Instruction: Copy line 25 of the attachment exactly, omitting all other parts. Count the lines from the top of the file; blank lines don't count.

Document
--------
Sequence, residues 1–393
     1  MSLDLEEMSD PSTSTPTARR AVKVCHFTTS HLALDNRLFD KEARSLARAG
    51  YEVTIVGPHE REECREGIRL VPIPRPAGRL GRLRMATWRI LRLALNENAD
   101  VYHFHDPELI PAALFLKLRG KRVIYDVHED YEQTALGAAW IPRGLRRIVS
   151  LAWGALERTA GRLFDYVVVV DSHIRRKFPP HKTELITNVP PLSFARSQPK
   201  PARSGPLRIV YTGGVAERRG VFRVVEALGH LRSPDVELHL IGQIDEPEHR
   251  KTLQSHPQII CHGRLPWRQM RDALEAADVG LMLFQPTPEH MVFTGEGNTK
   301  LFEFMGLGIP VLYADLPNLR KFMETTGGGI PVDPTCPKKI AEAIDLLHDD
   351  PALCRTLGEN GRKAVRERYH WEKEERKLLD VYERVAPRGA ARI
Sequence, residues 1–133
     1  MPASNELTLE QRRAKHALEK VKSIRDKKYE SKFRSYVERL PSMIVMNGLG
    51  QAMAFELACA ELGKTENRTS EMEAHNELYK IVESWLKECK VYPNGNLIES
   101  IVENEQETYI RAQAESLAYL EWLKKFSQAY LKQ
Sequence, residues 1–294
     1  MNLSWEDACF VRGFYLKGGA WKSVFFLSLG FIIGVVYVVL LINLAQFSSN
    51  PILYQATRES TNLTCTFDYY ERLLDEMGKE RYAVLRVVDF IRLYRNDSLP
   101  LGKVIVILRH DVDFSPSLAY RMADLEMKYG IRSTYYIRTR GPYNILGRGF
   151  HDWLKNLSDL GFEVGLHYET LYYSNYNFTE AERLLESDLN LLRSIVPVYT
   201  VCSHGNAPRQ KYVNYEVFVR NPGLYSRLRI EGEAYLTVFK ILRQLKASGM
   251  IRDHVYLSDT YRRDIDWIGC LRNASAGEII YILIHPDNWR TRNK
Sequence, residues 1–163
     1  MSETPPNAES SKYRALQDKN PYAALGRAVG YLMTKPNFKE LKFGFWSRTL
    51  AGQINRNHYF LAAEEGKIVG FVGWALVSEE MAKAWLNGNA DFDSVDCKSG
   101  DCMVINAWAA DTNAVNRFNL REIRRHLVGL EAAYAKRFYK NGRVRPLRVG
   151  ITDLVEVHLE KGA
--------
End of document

   151  ITDLVEVHLE KGA